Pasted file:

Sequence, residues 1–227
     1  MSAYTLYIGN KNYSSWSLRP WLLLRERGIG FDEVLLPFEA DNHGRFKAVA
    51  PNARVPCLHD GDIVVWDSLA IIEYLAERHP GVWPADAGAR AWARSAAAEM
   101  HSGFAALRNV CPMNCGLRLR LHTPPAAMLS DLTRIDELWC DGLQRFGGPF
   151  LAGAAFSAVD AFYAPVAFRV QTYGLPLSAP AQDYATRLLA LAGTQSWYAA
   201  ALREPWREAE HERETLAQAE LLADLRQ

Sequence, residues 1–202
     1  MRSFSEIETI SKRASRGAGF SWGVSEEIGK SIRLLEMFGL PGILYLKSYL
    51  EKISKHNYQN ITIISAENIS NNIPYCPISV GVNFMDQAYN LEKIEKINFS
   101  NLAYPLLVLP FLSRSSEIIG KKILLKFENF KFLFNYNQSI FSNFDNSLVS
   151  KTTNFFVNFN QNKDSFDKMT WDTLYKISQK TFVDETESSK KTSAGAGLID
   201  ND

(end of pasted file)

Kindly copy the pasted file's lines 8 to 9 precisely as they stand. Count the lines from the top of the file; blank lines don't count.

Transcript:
     1  MRSFSEIETI SKRASRGAGF SWGVSEEIGK SIRLLEMFGL PGILYLKSYL
    51  EKISKHNYQN ITIISAENIS NNIPYCPISV GVNFMDQAYN LEKIEKINFS